But certainly as noted, there would be some period when an independent Scotland would be outside the EU and have to negotiate entry. Certain countries, such as Spain and Belgium might try and slow this process down, but ultimately they would be forced to stop once they realise that all this would likely do is encourage the independence movements in their own countries and the opposition they would face from the rest of the EU. The one thing the EU isn’t going to do is vote to make itself smaller.

However, by voting No there is also a chance that Scotland might be dragged kicking and screaming out of the EU by the rest of the UK if the Tories/UKIP have their way…although my suspicion is that the infighting within the Tory party that has recently started to break out over Europe will rob them of the next election, and Ed Miliband will get into Down street and kick the whole thing into the long grass for the next 5 years.

But certainly anyone voting No this month and you could be inadvertently voting to leave the EU.

The doomsayers
The No campaign has been focusing on a combination of scare tactics and promises of great riches and rewards if Scotland votes no. They promise that if Scotland votes No, then they’ll get Devo Max (which polls have consistently shown is actually what most Scot’s want), a spaceport and presumably a free whisky bottle each! If Scotland votes Yes, then the gates of hell will open, Scots will be using shiny stones for currency and there will be a guy at the border waiting to shoot the dog then smash your mobile phone.

I would note, being Irish and used to referendum scare tactics that I know better to ignore such antics and would advise anyone in Scotland to do the same.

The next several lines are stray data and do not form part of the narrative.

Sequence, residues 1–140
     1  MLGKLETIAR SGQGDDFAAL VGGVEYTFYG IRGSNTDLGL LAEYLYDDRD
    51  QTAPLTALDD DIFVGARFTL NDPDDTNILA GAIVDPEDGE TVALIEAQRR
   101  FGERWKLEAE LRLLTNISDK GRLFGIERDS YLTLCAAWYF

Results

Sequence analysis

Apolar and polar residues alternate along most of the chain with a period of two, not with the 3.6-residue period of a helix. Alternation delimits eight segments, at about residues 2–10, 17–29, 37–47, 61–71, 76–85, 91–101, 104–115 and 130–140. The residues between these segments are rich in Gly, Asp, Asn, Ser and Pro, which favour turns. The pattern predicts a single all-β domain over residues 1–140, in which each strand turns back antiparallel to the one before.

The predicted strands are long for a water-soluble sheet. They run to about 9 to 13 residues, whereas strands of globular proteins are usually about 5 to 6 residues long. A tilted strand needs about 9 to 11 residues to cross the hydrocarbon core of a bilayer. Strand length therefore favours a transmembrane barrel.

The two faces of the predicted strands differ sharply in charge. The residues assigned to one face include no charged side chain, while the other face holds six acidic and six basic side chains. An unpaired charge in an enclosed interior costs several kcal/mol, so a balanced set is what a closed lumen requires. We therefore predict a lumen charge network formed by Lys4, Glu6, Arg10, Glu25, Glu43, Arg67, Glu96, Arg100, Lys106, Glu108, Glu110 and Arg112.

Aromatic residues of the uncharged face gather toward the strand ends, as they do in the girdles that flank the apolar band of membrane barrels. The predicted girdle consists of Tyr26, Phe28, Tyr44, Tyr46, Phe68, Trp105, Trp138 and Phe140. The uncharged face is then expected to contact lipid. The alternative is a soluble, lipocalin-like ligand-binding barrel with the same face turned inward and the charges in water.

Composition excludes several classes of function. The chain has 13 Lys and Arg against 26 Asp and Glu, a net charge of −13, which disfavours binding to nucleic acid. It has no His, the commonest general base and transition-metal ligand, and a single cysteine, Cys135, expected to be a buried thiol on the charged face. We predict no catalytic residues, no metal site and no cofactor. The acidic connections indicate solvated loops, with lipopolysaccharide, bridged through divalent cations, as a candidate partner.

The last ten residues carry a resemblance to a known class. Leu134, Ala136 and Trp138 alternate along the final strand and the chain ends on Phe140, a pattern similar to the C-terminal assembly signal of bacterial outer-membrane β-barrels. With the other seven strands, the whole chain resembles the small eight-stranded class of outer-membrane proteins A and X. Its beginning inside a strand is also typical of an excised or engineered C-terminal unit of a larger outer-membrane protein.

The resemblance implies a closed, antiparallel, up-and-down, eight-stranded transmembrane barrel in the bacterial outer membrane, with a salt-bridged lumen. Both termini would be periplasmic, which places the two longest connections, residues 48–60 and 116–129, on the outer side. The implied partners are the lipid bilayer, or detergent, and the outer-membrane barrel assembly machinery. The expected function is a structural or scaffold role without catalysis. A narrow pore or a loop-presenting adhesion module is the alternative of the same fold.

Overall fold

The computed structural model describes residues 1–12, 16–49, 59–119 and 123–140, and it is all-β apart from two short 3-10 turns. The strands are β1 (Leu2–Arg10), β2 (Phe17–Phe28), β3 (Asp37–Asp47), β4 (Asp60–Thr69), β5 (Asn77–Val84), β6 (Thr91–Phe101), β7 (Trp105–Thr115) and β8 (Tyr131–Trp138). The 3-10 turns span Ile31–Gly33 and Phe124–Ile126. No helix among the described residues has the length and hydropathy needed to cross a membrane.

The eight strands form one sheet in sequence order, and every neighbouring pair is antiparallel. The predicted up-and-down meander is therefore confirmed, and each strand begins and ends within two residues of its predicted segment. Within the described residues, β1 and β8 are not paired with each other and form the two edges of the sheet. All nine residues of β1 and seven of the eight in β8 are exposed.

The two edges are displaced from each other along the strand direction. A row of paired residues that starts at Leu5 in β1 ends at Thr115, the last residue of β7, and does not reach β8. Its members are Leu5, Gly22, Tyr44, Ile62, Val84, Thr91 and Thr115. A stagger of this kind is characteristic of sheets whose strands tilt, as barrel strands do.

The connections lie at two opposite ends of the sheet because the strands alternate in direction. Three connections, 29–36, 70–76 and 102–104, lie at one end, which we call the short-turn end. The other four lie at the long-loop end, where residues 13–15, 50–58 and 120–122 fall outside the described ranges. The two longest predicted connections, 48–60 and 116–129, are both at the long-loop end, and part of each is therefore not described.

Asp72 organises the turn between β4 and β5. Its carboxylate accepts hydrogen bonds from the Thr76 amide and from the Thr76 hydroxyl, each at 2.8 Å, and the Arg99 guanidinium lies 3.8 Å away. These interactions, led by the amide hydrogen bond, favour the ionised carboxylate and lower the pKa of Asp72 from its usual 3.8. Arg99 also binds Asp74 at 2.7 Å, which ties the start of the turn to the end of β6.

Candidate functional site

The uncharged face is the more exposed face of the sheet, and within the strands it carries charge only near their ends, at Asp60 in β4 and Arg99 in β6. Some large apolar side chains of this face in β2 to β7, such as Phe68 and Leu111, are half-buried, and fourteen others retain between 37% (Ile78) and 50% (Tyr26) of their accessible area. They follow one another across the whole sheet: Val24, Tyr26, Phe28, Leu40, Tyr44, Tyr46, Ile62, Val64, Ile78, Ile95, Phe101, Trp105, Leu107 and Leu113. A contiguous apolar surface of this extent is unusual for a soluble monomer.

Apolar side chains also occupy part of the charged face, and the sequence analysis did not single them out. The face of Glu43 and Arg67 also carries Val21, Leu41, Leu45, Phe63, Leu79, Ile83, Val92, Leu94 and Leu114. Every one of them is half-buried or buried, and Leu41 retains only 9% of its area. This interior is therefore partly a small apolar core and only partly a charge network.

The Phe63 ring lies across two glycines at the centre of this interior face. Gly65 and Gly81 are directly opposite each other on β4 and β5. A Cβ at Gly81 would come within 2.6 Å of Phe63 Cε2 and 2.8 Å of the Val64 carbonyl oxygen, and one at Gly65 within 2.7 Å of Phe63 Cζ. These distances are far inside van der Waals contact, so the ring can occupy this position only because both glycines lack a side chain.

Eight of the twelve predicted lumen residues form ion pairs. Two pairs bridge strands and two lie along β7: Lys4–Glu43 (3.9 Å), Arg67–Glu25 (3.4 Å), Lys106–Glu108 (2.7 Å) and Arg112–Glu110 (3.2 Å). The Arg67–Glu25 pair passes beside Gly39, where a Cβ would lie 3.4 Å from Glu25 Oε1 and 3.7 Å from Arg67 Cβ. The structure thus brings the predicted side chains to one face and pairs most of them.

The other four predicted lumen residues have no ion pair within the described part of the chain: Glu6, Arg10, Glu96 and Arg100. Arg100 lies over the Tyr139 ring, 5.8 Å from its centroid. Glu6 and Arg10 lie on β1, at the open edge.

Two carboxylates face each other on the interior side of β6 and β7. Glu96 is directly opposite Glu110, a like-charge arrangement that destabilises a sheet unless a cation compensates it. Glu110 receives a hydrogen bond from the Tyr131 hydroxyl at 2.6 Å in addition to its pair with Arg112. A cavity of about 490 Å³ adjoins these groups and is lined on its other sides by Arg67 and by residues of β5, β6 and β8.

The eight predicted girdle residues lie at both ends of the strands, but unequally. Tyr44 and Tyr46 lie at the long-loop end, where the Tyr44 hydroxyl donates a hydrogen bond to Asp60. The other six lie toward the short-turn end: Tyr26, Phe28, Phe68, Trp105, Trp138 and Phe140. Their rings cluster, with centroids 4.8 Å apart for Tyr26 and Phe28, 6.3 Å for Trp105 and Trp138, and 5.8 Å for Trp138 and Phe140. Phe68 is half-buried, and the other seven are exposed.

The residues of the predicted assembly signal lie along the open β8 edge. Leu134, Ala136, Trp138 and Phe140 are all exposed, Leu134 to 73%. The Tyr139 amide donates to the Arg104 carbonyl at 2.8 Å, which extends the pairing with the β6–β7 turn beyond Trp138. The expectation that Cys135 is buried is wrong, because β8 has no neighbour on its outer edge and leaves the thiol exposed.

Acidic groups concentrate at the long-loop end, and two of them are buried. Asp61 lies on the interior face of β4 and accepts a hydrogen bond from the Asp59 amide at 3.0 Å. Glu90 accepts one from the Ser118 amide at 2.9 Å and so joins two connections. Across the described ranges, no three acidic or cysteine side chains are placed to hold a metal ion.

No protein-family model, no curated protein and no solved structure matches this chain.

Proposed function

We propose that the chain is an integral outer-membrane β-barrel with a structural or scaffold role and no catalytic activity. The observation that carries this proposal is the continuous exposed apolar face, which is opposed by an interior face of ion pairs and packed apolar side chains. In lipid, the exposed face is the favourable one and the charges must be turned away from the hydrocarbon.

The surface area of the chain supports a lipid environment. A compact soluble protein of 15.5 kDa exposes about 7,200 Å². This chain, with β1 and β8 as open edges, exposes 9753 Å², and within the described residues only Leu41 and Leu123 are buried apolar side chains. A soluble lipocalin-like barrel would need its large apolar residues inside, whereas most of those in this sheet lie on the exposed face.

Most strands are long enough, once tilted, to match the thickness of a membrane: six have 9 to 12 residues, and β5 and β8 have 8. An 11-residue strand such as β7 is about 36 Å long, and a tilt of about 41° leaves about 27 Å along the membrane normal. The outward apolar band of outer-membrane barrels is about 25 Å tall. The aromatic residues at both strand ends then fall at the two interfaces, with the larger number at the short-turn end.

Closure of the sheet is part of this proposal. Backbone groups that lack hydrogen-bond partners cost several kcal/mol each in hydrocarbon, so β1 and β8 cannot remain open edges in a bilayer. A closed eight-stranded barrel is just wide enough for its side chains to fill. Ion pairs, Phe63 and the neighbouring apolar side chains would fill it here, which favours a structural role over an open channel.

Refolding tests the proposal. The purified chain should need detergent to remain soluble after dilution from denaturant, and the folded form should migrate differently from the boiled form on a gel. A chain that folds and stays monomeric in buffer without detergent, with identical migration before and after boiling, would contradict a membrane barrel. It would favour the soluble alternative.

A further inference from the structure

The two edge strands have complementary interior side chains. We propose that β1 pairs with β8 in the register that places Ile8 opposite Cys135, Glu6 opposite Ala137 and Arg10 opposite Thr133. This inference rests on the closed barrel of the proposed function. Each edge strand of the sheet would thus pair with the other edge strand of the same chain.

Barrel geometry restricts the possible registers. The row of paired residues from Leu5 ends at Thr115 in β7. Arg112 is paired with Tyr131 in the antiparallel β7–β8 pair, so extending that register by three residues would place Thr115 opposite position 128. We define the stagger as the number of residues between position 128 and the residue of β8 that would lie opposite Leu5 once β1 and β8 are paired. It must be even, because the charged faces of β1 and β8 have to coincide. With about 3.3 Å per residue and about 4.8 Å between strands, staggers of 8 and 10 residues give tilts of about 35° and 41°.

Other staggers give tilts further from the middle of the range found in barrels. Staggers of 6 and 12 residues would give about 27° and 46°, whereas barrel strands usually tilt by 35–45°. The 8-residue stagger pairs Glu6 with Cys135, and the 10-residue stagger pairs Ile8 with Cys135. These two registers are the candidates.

All change please
Also there is an obvious contradiction in the No camp promising everything will stay the same, but also promising Devo Max. And as noted if Scotland is ultimately dragged out of the EU by England, then that’s going to be very disruptive to business in Scotland.

Also as regards Devo Max, we have only the word of politicians in Westminster that they will pass such legislation after the next election. No offence but I’d trust the strength of most politicians promises before an election, about as much as I’d trust the strength of the 1st Tay Bridge. Whether this goes ahead will depend on the outcome of the next election and the likely coalition negotiations that result. There is no chance of Devo Max if for example the next Westminster government is some sort of Tory/UKIP Frankenstein (which will probably last about as long as the 1st Tay bridge! particularly when the impracticalities of both parties EU policy becomes evident).

So Devo Max cannot be guaranteed, not unless we see some actual legislation passed down in Westminster between now and referendum day.

Anyone scared of change, would be advised that voting No is not necessarily the “safe” option as it largely depends on whether or not you trust the Tories.

Tory Cuts
Another thing that Scot’s need to realise is the scale of cuts that they have applied down in England. While the SNP have perhaps spun the level of these cuts somewhat, certainly it is true that in England many councils are living hand to mouth. Within Universities we’ve been more or less told that any research project we are thinking of that involves asking a council for money, even if it’s the sort of thing that could save them money in the long term (e.g. energy efficiency), is a non-starter, as most English councils are as poor as church mice at the moment.